I like solving crosswords (duh!) but it seems to me that the kind of thinking one needs to solve metas is something else entirely, and I don’t have it.
The good news is I no longer get annoyed by being unable to solve most metas. I have simply decided they are not my cup of tea, and that’s that.
“I noticed that the letters of MOLE appeared in the names of the agents. But SMILEY has M and E, PEEL has L and E, BOURNE, has O and E, so I didn’t see any unambiguous way to proceed.”
But of the four, only SMILEY has an “M” – so that’s him. After SMILEY is gone, only PEEL has an “L” – so that’s her. After PEEL is gone, the “E” must be BOURNE, and then the “O” must be BOND.
I figured the names wouldn’t just be placed randomly in the grid, so I looked at them from top to bottom:
Hey, thanks Nate!!! And we promise today’s NYT theme wasn’t a branded Anigrams partnership, just a happy coincidence lol
Little error in the fine write-up of WaPo: the other Beatle is PAUL, not PEEL.
Yeah … I didn’t quite get that and will probably never understand how people figure out most meta solutions. They all seem so convoluted and and esoteric to me. I guess my brain just doesn’t make the necessary connections.
Oops! I guess I had PEEL on my mind!
Hi, I’m trying to post about July 30, but the site is not allowing it. I’m late to this posting
1) I had a question about one of the NYT answers. I absolutely did not understand the answer of “open seat” for reason to run. I hope someone can explain.
2) I notice someone was commenting about puz files. I don’t know if people already knew about it, but someone on Reddit has created a workaround for NYT puz files. It works great.
1. a. An open seat in the House or Senate would be a reason to run in an election for it.
b. another guess would be that in a game of musical chairs, an open seat (when the music stops) would be a reason to run.
2. I haven’t seen reddit, here at this site weve had strong recommendations for Crossword Scraper as a work around to get puzzles in Across lite (and other file types). Scraper also works great.
1) open seat: duh!
Thank you, MarcieM
2) I’ll check out Scraper also.
Re WaPo writeup, which states that “EMMA PEEL is new to me”: Oh Jim, you lucky lucky guy, this means that you have yet to discover the entire “Avengers” series, and one of the strongest female characters in the entire secret-agent canon (though I’ll admit that some kitschy aspects of the series may have aged poorly). Start with season 4. And kudos to Evan for including Ms. Peel in what would otherwise have been an unfortunate all-male spy lineup.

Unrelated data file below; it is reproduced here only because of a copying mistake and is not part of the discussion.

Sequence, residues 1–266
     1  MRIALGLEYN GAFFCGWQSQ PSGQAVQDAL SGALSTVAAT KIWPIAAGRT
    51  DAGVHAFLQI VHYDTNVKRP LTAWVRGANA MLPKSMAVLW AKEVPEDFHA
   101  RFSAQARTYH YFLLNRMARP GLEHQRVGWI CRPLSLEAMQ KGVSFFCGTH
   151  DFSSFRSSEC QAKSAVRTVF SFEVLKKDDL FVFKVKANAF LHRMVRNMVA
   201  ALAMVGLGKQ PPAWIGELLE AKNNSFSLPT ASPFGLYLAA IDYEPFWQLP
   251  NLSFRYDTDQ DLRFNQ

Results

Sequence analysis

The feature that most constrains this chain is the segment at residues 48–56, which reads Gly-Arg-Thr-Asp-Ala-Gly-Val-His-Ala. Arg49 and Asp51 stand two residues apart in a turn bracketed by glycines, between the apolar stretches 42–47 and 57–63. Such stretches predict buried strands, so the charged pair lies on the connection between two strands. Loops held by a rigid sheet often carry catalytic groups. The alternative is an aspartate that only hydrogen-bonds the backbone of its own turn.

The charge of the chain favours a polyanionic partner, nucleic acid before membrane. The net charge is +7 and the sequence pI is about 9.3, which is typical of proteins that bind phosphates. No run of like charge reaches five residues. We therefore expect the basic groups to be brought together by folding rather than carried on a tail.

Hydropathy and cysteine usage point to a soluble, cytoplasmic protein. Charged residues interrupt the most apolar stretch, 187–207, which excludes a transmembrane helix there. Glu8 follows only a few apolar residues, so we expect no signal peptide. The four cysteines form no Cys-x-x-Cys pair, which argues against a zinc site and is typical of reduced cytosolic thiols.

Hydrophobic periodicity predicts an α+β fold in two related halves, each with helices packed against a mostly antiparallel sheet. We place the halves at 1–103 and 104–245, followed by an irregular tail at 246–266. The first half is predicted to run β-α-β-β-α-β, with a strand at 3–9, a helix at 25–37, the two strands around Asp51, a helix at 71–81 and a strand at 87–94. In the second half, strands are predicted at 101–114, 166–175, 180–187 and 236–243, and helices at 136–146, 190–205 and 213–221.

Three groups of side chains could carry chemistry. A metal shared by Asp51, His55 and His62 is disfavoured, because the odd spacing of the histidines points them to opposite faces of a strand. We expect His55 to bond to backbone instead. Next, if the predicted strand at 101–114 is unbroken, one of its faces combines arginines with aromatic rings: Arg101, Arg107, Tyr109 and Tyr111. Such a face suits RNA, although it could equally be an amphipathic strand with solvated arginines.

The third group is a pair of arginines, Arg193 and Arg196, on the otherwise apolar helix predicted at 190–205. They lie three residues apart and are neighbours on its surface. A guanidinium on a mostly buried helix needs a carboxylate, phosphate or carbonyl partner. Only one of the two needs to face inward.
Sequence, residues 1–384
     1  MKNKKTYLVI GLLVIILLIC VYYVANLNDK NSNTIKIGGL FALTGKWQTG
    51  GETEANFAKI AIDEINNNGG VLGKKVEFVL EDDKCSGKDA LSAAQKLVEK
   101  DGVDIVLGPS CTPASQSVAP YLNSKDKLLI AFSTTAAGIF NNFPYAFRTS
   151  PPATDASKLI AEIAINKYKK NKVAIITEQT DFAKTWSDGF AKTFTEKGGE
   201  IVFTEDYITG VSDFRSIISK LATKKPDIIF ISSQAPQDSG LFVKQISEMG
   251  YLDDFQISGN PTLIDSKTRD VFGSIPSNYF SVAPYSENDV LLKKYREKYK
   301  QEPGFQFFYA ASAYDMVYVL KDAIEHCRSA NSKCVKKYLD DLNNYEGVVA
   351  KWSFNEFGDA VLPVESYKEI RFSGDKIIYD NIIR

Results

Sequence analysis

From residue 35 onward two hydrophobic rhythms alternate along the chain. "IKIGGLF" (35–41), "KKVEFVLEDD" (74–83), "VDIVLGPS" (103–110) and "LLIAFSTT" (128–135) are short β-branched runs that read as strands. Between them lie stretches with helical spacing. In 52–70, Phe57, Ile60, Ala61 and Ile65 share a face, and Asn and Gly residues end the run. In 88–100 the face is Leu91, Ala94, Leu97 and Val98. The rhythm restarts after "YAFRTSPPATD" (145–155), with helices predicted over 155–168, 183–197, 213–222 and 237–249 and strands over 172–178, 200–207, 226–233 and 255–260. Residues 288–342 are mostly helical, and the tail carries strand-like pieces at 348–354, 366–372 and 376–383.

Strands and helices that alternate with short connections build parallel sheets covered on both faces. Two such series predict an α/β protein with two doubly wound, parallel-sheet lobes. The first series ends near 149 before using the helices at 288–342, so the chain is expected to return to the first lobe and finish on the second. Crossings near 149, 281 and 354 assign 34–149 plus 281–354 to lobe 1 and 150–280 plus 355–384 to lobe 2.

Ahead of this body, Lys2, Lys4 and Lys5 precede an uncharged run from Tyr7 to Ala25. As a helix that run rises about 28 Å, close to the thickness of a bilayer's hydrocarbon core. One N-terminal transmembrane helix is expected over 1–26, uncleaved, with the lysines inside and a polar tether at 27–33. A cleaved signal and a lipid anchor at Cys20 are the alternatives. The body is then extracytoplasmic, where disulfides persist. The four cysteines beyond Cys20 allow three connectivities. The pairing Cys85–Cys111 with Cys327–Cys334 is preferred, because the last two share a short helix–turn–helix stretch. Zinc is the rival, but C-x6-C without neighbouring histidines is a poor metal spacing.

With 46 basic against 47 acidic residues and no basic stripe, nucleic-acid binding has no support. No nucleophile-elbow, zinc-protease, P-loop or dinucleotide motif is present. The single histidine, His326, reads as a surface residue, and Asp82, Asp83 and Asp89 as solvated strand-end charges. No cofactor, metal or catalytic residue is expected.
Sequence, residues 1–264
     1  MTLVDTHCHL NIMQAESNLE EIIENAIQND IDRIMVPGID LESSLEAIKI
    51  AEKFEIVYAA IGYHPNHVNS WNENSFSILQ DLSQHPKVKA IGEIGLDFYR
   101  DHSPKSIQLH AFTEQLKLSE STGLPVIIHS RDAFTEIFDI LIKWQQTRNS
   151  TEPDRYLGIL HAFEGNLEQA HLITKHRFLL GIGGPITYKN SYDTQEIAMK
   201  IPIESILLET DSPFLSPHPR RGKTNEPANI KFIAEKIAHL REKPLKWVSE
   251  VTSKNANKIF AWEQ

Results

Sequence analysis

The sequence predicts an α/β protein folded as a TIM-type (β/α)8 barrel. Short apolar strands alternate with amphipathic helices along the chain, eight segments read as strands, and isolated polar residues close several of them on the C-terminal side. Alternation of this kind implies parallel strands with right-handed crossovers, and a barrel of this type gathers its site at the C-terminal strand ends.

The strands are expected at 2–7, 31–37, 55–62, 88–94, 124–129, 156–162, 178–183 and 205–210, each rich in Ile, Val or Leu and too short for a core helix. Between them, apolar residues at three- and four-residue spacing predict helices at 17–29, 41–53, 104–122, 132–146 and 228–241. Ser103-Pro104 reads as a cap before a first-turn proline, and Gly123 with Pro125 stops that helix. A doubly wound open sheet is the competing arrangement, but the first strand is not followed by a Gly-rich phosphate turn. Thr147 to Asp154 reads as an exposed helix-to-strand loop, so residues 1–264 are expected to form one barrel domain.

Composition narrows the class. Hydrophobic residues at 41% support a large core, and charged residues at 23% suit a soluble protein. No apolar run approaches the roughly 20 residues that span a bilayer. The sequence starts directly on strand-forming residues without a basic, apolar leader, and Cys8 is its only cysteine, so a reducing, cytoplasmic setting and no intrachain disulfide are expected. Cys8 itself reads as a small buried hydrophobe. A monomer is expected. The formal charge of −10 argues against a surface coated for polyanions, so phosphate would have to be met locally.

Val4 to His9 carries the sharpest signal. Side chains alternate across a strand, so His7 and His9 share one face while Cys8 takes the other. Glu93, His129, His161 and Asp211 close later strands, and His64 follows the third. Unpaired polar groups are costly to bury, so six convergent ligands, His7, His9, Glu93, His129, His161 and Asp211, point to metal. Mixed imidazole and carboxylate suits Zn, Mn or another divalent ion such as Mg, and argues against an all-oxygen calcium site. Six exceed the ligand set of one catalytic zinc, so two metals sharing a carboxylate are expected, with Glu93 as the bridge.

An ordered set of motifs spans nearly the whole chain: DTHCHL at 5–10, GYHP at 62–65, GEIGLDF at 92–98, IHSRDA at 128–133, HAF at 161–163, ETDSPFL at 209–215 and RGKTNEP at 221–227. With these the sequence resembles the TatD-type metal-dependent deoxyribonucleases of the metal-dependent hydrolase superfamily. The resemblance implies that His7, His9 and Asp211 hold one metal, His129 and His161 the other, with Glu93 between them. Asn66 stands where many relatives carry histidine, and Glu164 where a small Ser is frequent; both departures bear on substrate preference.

I will have to check that out! There are some glaring holes in my knowledge of what many would consider “the basics.” Anything sports related for one (most of what I know about sports I learned from crosswords). And anything Marvel. But I look forward to discovering that character!
Jim…don’t be fooled by “The Avengers” name. Emma Peel is not in the Marvel universe at all. The tv show “The Avengers” with Emma Peel and John Steed characters was a British espionage series that ran from 1961 to 1969 (per wiki). It was a great show! Season 4 is when Diana Rigg started, Honor Blackman preceeded her, with “kinky boots” :D .
p.s. Honor Blackman is she who played Pussy Galore in the Bond film “Goldfinger”.
And I just learned via wiki that Emma Peel got her name during the hunt for someone who had “man appeal”… i.e. M. appeal. Yes, this was the 60’s and some things don’t age well. But her character was strong and smart and funny.
There I go, flaunting my ignorance once again. Thanks for this. Now I’m even more intrigued
WaPo: Even more than the Thursday NYT puzzles, Birnholz’ Sunday puzzles are almost always super-gimmicky. Here the crossword is just a vehicle for the actual puzzle. Tolerated, but not loved, certainly not to the level matching the effort that went into constructing the thing.
This one was more easily attacked by concentrating on the Acrosses and not bothering to separately record the names of four spies spelled by missing letters, guess that the letter positions translate to a numeric code, and enter that for the treat. I didn’t bother with the post-crossword puzzle, just read about it here.
“Birnholz Sunday puzzles are almost always super-gimmicky”?!
I have a problem with that for a couple of reasons:
1) You’re just plain wrong. If I had to guesstimate, I’d say closer to one in five or six or so puzzles features something “out of the norm,” or what you are calling a “gimmick.”